Buying Zinc Call Options to Profit from a Rise in Zinc Prices

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Buying Zinc Call Options to Profit from a Rise in Zinc Prices

If you are bullish on zinc, you can profit from a rise in zinc price by buying (going long) zinc call options.

Example: Long Zinc Call Option

You observed that the near-month LME Zinc futures contract is trading at the price of USD 1,212 per tonne. A LME Zinc call option with the same expiration month and a nearby strike price of USD 1,200 is being priced at USD 80.80/ton. Since each underlying LME Zinc futures contract represents 25 tonnes of zinc, the premium you need to pay to own the call option is USD 2,020.

Assuming that by option expiration day, the price of the underlying zinc futures has risen by 15% and is now trading at USD 1,394 per tonne. At this price, your call option is now in the money.

Gain from Call Option Exercise

By exercising your call option now, you get to assume a long position in the underlying zinc futures at the strike price of USD 1,200. This means that you get to buy the underlying zinc at only USD 1,200/ton on delivery day.

To take profit, you enter an offsetting short futures position in one contract of the underlying zinc futures at the market price of USD 1,394 per tonne, resulting in a gain of USD 194.00/ton. Since each LME Zinc call option covers 25 tonnes of zinc, gain from the long call position is USD 4,850. Deducting the initial premium of USD 2,020 you paid to buy the call option, your net profit from the long call strategy will come to USD 2,830.

Long Zinc Call Option Strategy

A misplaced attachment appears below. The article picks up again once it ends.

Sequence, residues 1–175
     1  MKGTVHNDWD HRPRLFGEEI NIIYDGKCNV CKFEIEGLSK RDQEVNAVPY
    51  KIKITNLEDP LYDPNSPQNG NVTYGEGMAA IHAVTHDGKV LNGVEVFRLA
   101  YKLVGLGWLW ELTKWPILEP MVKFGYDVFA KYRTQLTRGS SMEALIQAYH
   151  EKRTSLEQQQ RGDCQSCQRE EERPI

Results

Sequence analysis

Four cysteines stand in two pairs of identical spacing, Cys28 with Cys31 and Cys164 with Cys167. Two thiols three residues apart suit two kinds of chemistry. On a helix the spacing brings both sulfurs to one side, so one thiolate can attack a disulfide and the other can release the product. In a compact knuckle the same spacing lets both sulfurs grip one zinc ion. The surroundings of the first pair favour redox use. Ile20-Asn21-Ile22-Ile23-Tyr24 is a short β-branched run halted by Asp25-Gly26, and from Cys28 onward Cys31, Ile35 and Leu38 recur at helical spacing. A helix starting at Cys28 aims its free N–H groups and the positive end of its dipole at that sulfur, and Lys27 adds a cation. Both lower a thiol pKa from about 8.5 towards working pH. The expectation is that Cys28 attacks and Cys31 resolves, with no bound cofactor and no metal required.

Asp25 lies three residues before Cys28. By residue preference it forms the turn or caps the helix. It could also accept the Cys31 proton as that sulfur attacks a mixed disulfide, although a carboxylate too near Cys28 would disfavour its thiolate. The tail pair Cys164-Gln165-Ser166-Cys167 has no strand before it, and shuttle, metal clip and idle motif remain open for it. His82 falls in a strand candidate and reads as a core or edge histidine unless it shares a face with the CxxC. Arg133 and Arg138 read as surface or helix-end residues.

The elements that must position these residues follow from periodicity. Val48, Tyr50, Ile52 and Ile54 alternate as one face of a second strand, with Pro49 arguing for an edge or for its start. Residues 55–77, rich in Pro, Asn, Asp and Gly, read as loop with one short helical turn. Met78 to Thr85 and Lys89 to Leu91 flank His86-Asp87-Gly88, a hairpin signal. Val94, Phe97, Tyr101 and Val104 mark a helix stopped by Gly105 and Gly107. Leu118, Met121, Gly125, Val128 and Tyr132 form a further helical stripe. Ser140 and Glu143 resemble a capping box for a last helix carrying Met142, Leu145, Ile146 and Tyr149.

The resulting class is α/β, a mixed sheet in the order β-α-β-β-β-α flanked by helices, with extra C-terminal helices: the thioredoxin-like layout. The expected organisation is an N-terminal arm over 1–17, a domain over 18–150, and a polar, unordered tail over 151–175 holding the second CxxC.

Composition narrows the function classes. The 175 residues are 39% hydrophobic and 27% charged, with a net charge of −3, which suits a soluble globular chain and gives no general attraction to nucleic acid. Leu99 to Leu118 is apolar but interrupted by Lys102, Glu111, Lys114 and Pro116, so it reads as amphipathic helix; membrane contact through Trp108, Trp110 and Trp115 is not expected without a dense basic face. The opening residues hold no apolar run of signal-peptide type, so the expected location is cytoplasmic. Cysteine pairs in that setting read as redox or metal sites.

Gain from Option Exercise = (Market Price of Underlying Futures – Option Strike Price) x Contract Size
= (USD 1,394/ton – USD 1,200/ton) x 25 ton
= USD 4,850
Investment = Initial Premium Paid
= USD 2,020
Net Profit = Gain from Option Exercise – Investment
= USD 4,850 – USD 2,020
= USD 2,830
Return on Investment = 140%

Sell-to-Close Call Option

In practice, there is often no need to exercise the call option to realise the profit. You can close out the position by selling the call option in the options market via a sell-to-close transaction. Proceeds from the option sale will also include any remaining time value if there is still some time left before the option expires.

In the example above, since the sale is performed on option expiration day, there is virtually no time value left. The amount you will receive from the zinc option sale will be equal to it’s intrinsic value.

Learn More About Zinc Futures & Options Trading

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Buying Call Options: The Benefits & Downsides Of This Bullish Trading Strategy

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Last Updated on June 24, 2020

Buying call options is a bullish strategy using leverage and is a risk-defined alternative to buying stock. Foregoing the abstract “call options give the buyer the right but not the obligation to call away stock”, a practical illustration will be given: